“The ICF has also not respected a process agreed with the IOC, including refusing to accept that the fundamental question of governance – a question which all the stakeholders are eager to answer – is put before CAS Arbitration. Instead, the ICF is proposing that the only subject of discussion at CAS Arbitration be the legal basis of an IF’s exclusivity to govern a sport. The ISA is ready and eager to take this question to CAS, as agreed with the IOC, but our petition to ICF’s lawyers has now gone unanswered since May 2nd. These facts have never been mentioned by the ICF in any of their SUP related communications.
“In the absence of an agreed solution, we are convinced that the ICF should accept our request to go to CAS, so we can progress to a resolution in the interests of all, and most importantly, the athletes and competitors that take part across the world. Ultimately, they are the ones who suffer.
”In the end, the facts surrounding this dispute will speak for themselves and, we believe, will demonstrate to CAS and the wider Olympic Movement, the ISA’s true history of leadership, commitment and development of SUP.”
ICF and ISA trade claims In stressing the ICF’s commitment to SUP this month Perurena said: “We have already shown the depth of this sport through the multitude of SUP activities which have been run by our National Federations all around the world over the last few years, including many national championships.”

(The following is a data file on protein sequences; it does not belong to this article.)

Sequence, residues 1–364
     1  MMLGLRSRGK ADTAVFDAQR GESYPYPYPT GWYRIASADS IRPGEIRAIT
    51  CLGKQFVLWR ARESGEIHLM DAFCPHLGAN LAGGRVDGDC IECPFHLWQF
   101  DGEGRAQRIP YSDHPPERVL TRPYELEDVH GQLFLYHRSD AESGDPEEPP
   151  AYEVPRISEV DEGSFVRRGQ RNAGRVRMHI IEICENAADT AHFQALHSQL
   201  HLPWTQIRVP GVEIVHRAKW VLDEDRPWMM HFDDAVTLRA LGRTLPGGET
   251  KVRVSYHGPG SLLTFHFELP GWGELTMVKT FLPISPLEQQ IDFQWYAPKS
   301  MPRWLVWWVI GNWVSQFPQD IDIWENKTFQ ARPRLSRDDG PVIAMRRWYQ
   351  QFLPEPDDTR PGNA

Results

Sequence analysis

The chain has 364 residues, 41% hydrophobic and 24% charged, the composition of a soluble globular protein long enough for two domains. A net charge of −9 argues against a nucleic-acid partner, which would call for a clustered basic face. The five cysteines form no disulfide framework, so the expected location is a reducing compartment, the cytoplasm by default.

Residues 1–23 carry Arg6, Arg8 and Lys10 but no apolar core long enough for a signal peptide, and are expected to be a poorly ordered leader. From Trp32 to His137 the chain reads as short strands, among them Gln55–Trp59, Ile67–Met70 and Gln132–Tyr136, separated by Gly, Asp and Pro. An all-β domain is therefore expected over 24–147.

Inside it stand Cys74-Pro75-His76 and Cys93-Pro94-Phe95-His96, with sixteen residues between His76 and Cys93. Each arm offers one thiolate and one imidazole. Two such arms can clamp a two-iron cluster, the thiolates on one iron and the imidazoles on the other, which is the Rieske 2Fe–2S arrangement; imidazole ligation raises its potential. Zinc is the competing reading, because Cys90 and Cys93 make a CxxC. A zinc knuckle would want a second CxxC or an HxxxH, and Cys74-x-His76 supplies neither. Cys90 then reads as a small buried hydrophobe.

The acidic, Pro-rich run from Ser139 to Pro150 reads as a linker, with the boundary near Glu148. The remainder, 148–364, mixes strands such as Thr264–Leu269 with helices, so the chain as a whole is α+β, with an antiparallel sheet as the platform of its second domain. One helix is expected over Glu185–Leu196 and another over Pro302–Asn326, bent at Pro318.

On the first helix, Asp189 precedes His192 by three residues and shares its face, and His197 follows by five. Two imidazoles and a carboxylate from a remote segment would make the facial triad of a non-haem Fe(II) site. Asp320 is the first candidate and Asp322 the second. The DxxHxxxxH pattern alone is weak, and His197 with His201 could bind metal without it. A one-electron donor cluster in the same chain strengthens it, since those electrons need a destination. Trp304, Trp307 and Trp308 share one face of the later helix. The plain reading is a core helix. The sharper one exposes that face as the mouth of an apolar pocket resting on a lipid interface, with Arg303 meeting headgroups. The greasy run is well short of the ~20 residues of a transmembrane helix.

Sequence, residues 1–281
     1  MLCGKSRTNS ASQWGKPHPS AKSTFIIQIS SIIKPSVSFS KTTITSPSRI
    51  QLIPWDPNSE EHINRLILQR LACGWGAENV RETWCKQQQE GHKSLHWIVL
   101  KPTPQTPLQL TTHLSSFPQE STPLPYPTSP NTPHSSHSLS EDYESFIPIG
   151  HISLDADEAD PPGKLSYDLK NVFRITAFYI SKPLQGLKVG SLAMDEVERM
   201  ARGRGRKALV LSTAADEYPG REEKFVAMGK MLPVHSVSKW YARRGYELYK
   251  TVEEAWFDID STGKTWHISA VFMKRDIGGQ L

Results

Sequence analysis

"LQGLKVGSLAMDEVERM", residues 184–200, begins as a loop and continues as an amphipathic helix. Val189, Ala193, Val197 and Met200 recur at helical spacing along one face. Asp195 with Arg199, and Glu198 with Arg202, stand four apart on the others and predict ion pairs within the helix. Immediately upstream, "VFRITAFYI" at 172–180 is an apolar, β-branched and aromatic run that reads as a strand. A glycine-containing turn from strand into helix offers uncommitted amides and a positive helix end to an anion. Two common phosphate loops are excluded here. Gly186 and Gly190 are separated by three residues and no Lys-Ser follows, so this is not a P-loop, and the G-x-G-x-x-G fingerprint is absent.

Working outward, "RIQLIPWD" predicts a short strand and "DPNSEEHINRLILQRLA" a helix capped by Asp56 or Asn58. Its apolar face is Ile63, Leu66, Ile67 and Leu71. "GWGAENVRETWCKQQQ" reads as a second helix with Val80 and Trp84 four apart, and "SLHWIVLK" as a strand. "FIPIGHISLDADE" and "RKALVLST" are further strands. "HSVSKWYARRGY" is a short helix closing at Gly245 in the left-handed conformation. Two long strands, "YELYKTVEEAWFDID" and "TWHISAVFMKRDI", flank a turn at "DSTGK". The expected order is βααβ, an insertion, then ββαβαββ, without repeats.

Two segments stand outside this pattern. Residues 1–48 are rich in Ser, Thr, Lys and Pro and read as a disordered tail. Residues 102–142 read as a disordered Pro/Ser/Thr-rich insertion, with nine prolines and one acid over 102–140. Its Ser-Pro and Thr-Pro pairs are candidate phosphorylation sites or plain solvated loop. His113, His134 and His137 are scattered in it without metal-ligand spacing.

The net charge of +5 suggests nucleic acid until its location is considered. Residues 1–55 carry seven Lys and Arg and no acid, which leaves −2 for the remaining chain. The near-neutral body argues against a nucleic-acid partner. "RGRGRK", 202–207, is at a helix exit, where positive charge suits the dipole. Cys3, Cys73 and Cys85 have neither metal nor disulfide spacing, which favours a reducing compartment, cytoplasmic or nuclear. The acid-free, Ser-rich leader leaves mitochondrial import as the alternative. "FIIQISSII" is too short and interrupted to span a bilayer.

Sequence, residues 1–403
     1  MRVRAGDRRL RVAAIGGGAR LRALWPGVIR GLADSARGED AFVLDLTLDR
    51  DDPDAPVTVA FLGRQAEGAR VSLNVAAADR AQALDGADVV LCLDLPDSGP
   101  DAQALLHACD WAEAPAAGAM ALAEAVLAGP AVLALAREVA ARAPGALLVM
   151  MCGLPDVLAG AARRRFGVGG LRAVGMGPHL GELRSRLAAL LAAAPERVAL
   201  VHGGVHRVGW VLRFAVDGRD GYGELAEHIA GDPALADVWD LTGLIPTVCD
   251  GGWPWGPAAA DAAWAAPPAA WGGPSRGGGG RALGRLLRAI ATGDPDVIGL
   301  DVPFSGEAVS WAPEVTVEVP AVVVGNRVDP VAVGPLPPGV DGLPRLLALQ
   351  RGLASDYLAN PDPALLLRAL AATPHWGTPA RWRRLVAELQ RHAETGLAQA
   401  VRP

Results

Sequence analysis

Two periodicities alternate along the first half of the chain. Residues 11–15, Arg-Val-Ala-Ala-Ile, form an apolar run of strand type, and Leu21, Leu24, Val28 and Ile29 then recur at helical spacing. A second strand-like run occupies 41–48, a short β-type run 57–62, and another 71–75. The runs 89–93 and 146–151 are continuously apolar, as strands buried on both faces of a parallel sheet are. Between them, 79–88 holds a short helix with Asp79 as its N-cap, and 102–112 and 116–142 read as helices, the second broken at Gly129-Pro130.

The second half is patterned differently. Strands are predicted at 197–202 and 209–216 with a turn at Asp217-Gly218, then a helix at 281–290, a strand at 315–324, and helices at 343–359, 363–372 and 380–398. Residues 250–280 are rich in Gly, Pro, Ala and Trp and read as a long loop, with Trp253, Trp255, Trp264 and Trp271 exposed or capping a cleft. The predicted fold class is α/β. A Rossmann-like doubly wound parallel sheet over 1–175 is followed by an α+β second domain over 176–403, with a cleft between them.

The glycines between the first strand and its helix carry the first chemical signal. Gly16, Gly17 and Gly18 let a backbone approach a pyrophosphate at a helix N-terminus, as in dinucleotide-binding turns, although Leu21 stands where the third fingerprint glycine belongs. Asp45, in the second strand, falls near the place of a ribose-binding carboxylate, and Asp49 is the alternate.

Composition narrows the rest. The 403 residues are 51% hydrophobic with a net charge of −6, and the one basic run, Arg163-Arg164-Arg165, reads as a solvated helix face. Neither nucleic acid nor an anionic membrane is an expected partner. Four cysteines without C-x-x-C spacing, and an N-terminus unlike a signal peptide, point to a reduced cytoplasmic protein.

However, the ISA believes it has a stronger claim, pointing to the fact that SUP was first included as a core discipline in the ISA Guide back in 2008, and that no other international federation has governed the sport since then.
Aguerre said: “We find the claims by the ICF to the contrary to be disingenuous, at best. As a matter of fact, the ICF has yet to organise any world championship or even international SUP events. These are factual, historical and on the record matters.”
He also stressed that, since 2010, the ISA has invested $5 million in SUP, not including the work carried out by national federations, with no other investment forthcoming from any other international federation until November 2016.